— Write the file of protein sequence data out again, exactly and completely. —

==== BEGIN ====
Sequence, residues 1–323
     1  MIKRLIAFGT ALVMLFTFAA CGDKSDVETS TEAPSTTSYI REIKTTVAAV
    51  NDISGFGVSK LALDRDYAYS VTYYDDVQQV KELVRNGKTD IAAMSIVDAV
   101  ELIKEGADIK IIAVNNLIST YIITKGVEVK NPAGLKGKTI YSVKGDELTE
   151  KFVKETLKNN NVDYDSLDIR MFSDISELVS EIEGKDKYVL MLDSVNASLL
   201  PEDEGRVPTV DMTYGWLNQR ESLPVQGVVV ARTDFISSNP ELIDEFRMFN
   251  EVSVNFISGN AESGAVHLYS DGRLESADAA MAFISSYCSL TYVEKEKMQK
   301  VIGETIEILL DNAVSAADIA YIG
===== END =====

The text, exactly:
Sequence, residues 1–323
     1  MIKRLIAFGT ALVMLFTFAA CGDKSDVETS TEAPSTTSYI REIKTTVAAV
    51  NDISGFGVSK LALDRDYAYS VTYYDDVQQV KELVRNGKTD IAAMSIVDAV
   101  ELIKEGADIK IIAVNNLIST YIITKGVEVK NPAGLKGKTI YSVKGDELTE
   151  KFVKETLKNN NVDYDSLDIR MFSDISELVS EIEGKDKYVL MLDSVNASLL
   201  PEDEGRVPTV DMTYGWLNQR ESLPVQGVVV ARTDFISSNP ELIDEFRMFN
   251  EVSVNFISGN AESGAVHLYS DGRLESADAA MAFISSYCSL TYVEKEKMQK
   301  VIGETIEILL DNAVSAADIA YIG